Spotify logo, courtesy Spotify

What Does Spotify Going Public Mean for the Music Industry?

Spotify logo, courtesy Spotify

As you may have heard, Spotify is launching will begin trading publicly on April 3. The company’s anticipated direct listing has been very important news in the music industry since its announcement, due both to the size of the company and the untraditional use of a direct listing. While this is obviously very significant for Spotify as a company, and a positive and welcomed development for their shareholders, the question has arose as to what it means for the music industry and artists?

One of the major changes in the music industry as a whole recently has been the development of streaming music services like Spotify. Despite the decline in music revenues over the past ten years, the enormous increases of music streaming as an overall percentage of music revenues has allowed the decline to stop. While some people may not have been willing to consistently pay over $100 per year for music in the past, a growing number are willing to pay Spotify $10 a month for unlimited access to millions of tracks. In fact, Spotify has reached over 70 million paying subscribers, showing that the streaming music model does have potential to dramatically increase music revenues.

One consequence of the increase in streaming music over physical or download music purchases is allowing smaller artists to develop revenues more easily, at least in some cases. When artists are able to be paid for their listens rather than being paid only when someone is willing to buy their music for a much higher cost, smaller artists are able to get paid for their music even when they couldn’t have produced and distributed physical music in the past. This does, of course, result in an increasing dependence on Spotify for music discovery that didn’t exist in this form before streaming became such a large presence.

In the past, music was distributed and discovered through marketing and publishing efforts by a number of music labels. Music streaming companies like Spotify have, through enormous reach and large amounts of control over access to listeners, been able to take control as a single company that decides what gets listened to. Spotify’s algorithm and human generated playlists have large potential to reach listeners, but also transfer the power over what gets heard into Spotify’s hands. As music listeners depend more on Spotify to help their discovery, they also relinquish some of their own control over their listening habits and let the streaming giant make those choices for them. While Spotify’s algorithms are very good at discovering what you like, and their human curators are able to effectively spread music within genres, it’s still a significant and important change to recognize.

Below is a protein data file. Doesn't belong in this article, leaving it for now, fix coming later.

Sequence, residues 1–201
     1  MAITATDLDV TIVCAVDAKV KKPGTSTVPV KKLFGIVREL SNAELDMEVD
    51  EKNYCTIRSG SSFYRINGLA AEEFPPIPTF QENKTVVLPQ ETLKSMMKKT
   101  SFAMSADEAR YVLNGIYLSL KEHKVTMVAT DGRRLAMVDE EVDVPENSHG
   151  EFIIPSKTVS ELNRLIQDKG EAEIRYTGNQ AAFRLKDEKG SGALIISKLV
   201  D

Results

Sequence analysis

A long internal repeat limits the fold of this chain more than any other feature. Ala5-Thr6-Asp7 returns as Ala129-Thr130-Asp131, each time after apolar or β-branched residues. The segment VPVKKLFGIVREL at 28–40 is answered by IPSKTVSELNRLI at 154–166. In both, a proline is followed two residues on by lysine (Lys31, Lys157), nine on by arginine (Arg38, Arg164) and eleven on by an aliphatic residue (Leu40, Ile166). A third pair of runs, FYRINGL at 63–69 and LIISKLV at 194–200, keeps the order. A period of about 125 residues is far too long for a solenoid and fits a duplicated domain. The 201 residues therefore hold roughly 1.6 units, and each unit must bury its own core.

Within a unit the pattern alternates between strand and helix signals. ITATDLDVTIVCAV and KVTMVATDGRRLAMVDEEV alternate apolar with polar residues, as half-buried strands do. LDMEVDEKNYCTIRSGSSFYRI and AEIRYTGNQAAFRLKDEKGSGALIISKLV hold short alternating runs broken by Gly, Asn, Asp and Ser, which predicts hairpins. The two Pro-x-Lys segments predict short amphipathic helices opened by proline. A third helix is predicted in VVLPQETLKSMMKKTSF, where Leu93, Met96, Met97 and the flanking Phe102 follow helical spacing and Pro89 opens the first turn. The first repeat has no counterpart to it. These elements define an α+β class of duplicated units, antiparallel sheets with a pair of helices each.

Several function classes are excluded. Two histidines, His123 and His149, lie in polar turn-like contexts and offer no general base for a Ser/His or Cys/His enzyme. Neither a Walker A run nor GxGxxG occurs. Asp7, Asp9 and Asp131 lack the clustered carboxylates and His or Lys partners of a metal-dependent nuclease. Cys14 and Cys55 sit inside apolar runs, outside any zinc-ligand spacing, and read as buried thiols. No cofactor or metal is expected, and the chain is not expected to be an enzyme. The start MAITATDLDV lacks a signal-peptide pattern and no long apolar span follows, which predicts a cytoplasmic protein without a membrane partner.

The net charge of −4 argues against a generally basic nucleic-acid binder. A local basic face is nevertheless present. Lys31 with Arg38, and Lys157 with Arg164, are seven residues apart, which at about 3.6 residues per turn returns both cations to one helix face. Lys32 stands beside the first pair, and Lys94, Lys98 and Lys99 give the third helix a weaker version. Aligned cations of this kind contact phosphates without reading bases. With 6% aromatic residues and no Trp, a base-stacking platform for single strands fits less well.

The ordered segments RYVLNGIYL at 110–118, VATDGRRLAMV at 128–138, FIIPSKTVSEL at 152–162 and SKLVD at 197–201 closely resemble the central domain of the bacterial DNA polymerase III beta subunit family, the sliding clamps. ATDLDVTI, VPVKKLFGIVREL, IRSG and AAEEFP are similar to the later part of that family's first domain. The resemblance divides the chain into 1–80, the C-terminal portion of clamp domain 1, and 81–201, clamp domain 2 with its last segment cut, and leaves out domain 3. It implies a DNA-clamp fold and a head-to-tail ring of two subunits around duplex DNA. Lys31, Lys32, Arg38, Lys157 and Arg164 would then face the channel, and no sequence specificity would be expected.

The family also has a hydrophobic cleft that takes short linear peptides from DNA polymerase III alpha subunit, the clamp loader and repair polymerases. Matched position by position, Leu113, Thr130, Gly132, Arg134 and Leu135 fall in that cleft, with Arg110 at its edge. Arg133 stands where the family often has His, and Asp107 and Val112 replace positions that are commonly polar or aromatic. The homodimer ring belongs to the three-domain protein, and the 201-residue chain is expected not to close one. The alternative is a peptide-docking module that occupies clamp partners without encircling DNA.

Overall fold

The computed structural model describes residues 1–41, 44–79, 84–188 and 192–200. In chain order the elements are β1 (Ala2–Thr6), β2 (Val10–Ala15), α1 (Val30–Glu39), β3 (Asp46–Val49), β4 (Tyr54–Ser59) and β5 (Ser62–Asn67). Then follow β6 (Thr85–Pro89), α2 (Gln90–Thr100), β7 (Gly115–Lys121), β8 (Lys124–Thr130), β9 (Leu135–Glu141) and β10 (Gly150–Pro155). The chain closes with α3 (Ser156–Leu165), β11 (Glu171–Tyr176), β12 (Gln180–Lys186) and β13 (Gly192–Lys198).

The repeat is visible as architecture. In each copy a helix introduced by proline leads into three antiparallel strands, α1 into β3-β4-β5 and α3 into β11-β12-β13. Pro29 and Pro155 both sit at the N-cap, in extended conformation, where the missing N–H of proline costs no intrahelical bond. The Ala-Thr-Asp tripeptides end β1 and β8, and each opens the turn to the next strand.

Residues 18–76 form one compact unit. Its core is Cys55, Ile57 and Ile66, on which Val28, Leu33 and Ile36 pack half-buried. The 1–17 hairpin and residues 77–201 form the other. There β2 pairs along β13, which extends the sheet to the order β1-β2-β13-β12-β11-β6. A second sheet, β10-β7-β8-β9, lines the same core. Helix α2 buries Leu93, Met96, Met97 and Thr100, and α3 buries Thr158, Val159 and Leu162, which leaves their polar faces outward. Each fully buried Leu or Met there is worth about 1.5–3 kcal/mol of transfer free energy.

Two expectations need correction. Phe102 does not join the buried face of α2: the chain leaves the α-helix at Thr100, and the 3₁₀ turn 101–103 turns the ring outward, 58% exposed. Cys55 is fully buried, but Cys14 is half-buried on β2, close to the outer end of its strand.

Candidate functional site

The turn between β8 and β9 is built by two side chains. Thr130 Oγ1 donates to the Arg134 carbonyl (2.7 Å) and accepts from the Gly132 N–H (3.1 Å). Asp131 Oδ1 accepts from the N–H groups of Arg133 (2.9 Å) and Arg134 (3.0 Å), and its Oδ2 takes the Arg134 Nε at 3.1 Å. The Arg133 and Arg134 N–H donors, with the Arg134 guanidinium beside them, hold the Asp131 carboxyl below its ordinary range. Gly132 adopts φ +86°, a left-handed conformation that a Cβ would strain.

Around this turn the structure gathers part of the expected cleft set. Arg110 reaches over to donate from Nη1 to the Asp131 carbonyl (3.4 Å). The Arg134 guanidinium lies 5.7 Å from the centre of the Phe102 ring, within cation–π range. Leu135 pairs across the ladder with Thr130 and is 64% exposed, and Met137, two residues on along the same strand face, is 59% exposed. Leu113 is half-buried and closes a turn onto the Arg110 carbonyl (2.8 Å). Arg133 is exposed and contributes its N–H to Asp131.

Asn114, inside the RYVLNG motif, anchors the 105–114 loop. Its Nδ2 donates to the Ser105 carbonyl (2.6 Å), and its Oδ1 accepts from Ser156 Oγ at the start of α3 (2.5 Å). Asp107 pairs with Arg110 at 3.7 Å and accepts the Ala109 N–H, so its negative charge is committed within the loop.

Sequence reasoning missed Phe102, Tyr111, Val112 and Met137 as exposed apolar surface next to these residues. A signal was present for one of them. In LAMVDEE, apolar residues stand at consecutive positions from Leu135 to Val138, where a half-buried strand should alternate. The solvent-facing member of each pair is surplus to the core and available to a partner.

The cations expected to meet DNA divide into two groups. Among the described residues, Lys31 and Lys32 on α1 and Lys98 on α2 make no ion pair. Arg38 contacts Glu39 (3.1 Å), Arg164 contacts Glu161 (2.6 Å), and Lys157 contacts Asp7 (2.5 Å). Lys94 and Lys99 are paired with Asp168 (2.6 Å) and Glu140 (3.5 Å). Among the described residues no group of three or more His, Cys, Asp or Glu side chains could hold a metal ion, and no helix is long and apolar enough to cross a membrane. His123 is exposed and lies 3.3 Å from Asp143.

As artists lose control over the discovery of their music, they also lose some amount of ability to be creative and unique. If Spotify only supports the discovery of your music if it conforms to the tastes they see in their listeners, artists have decreased opportunities to make their own artistic and creative choices. This might stop the music industry from being able to move forward, adapt, and change in the ways that it has been able to with more free and independent distribution models.

While some of the changes in the music industry driven by Spotify may have been more negative and weakened the ability of artists and labels to have artistic freedom and control over their distribution, they have admittedly been able to drive a massive increase in revenue. This is very positive for artists, and is a significant factor in their ability to continue to create. Spotify’s revenue goes mostly towards paying labels, which translates into revenue for artists. It’s important to remember that there are both positive and negative sides to every problem, but it’s difficult to decide which side the balance falls on in the case of Spotify. They have obviously done a lot of good in the music industry, but they have changed a lot about discovery and listening as well. Listeners might appreciate this change in some ways, but in others it restricts both the artists and the listeners.

I do, however, hope Spotify’s IPO goes well. It’s exciting to see new music companies—that have driven the recovery of revenues and accessibility in the music industry—succeeding. Spotify’s early success was driven by the industry’s need to drive off music piracy and continue generating revenues, and whatever else they may have done, this much has been successful. What are your thoughts on Spotify’s direct listing, and the changes they have made in the music industry? Leave a comment below, we’d love to hear your opinions.

[DISCLAIMER: The writer of this article, Kian Moretz, is the CTO of wave.ac, a forthcoming audio streaming and artist tools platform. In his capacity writing for Rave Advisory, he is not writing with the intent to harm or otherwise negatively affect the works and services of Spotify, but to offer his independent opinion through his work in the music industry. Moretz does not have any shares in Spotify Technologies (SPOT) or wave.ac.]

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